• By Business, For Business

  • MARCH 19, 2012 | ECONOMIC DEVELOPMENT, REAL ESTATE

  • Here's the Editorial that Ran in This Week's Westchester County Business Journal

  • In what could be interpreted as a slap against government economic development initiatives, the Westchester County Association has rolled out an idea long overdue to help companies struggling to find a business climate that is inviting and nurturing...


    Announcing The Blueprint Accelerator Network

    It is called The Blueprint Accelerator Network L.L.C., a financial and intellectual-based framework for fledgling businesses to move to or expand in Westchester and eventually seek venture capital financing.

    The WCA plan does not appear to be ethereal, but grounded with private-sector backers putting up $150 million in capital and in-kind services.

    Robert Weisz, chairman and CEO of RPW Group Inc. in Rye Brook and a WCA board member, may have summed it up best.

    “This initiative is an initiative that is sponsored 100 percent by the business community. We are here to help businesses, not asking for help from the government. We are not putting any taxpayers’ money to work – we are doing it sponsored exclusively by the business community.”

    He called the accelerator a “turning point in the history of Westchester County.”

    We certainly hope so.

    While those wearing the political stripe continue to puff out their chests and thumb their lapels in pride when pointing to growth in the biotech sector by such companies as Regeneron Pharmaceuticals and Acorda Therapeutics, the growth of those companies has been largely organic.

    Before we turn this into a finger-pointing exercise as to whether government does too little or too much, let us re-engage a debate that we’ve written about before on these pages. That is, why do Westchester and the rest of the Hudson Valley continue to be no-man’s land when it comes to state economic initiatives?

    From a geographic, if not historical perspective, downstate has a hazy demarcation that starts somewhere south of the Albany County line on the west side of the Hudson River and south of the Rensselaer County line on the east side of the Hudson. Politically, though, downstate starts south of the Westchester County line.

    Upstate has largely become the tricities – Albany, Schenectady and Troy. Reaping the largesse of state and federal funds is Albany. The nanoscale project at SUNY Albany is growing immensely. A large building that will house the nanoscale fabrication extension is rising quickly on Washington Avenue Extension across from the glass-encased College of Nanoscale Science and Engineering. An oversized walkway connects the two. The new building will be home to Global 450, which is made up of IBM, Intel, Global Foundries, Samsung and Taiwan Semiconductor Manufacturing Corp.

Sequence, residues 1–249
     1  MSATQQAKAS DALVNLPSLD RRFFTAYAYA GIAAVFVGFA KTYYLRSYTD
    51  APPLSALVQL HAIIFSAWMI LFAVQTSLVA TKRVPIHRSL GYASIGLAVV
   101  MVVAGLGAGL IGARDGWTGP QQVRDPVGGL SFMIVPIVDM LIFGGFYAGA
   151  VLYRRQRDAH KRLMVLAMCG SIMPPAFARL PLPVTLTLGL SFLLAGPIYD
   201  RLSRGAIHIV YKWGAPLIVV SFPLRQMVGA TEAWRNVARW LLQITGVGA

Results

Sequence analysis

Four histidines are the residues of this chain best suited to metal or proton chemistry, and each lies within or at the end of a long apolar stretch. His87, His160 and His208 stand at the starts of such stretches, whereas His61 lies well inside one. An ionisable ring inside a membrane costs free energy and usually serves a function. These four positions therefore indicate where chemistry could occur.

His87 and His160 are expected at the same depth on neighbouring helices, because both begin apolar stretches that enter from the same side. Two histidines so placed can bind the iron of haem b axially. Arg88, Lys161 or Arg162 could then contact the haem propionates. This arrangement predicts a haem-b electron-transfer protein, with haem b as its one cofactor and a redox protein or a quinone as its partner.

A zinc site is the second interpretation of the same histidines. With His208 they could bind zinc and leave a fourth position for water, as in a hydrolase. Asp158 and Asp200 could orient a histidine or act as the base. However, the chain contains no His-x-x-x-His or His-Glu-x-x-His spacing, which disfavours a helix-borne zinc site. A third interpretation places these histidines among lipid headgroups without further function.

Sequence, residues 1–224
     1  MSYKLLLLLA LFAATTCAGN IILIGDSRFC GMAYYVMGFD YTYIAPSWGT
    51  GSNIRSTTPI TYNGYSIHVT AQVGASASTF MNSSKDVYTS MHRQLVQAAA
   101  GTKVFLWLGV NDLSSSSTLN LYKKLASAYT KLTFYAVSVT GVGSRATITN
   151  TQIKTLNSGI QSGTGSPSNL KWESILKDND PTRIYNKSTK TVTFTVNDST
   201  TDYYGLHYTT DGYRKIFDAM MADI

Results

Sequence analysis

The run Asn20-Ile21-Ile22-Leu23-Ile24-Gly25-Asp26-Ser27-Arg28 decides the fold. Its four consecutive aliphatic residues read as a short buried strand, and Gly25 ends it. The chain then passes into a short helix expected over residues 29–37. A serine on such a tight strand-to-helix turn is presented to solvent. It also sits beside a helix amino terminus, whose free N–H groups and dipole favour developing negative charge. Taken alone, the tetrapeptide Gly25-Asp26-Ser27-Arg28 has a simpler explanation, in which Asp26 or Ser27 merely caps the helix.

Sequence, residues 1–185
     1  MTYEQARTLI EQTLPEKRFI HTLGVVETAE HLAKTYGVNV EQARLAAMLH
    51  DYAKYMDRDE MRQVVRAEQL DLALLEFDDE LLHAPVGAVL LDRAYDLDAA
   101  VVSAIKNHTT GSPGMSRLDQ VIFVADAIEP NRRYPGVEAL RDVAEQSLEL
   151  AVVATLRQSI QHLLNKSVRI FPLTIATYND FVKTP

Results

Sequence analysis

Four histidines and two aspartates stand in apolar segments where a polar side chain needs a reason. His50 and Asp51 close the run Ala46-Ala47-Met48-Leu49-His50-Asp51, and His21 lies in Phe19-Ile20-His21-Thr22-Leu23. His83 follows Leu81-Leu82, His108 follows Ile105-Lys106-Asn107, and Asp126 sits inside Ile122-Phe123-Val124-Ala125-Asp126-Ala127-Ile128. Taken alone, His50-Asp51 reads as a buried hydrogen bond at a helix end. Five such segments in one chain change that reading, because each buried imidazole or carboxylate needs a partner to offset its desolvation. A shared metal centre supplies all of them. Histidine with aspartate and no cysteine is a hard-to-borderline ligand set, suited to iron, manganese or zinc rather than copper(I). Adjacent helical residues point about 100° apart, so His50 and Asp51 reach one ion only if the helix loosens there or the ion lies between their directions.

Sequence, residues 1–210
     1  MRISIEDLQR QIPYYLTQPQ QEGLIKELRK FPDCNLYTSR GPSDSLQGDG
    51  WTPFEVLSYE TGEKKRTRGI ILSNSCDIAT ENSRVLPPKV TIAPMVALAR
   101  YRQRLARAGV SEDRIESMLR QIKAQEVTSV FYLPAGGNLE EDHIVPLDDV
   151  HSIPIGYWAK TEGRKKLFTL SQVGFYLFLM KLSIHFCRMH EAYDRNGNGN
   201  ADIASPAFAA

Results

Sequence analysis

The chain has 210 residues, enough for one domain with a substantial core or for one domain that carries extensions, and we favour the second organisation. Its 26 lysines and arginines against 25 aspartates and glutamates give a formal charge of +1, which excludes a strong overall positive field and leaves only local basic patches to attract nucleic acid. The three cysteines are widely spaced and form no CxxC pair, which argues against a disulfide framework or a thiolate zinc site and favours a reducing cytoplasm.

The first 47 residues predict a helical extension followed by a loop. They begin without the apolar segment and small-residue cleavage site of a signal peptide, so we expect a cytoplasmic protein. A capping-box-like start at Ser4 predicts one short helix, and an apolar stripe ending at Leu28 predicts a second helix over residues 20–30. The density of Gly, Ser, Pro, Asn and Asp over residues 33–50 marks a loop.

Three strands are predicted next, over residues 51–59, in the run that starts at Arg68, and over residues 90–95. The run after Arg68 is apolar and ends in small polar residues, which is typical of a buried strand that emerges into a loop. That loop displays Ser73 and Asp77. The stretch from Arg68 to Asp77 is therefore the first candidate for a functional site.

The College of Nanoscale Science and Engineering is a magnet for investment – $14 billion to date. It has more than 300 international corporate partners.

    Assembly Speaker Sheldon Silver has crowed about this economic machine.

    “We created the center of the universe for nanotechnology right here in Albany. Companies are coming in, and now they’re flocking here … It’s just a win-win.”

    To say the least.

    However, the trickledown effect is yet to be seen in our region.

    In September, Gov. Andrew Cuomo announced that the state had entered into agreements providing for investments worth a total of $4.4 billion over the next five years from the five Global 450 companies to create the next generation of computer chip technology.

    The press release at the time stated that the investment would result in the “creation and retention of approximately 6,900 jobs.” That number included 2,500 additional high-technology positions comprising: 800 at the Albany complex; 450 at SUNY Institute of Technology in Utica; 300 at the College of Nanoscale’s Smart System Technology & Commercialization Center in Canandaigua, and 950 split among IBM’s Yorktown Heights and East Fishkill locations.

    As with many announcements, timelines and means of funding for the state’s portion of the deal were for the most part absent.

    That is what’s so refreshing about the WCA’s Blueprint Accelerator Network – there are real money and services available and a timeline has been established.

    If this region between Albany and New York City is to remain a no-man’s land in attracting and garnering the kind of economic incentives that the nanoscale complex is receiving, then let the private sector show the way.

    At a time when Westchester and the Hudson Valley are losing young people to regions of the nation that are cost-of-living friendlier, this plan looks better than the gossamer-spun promises from the government.

    We will remain watchful of its progress and hope that it exceeds expectations.

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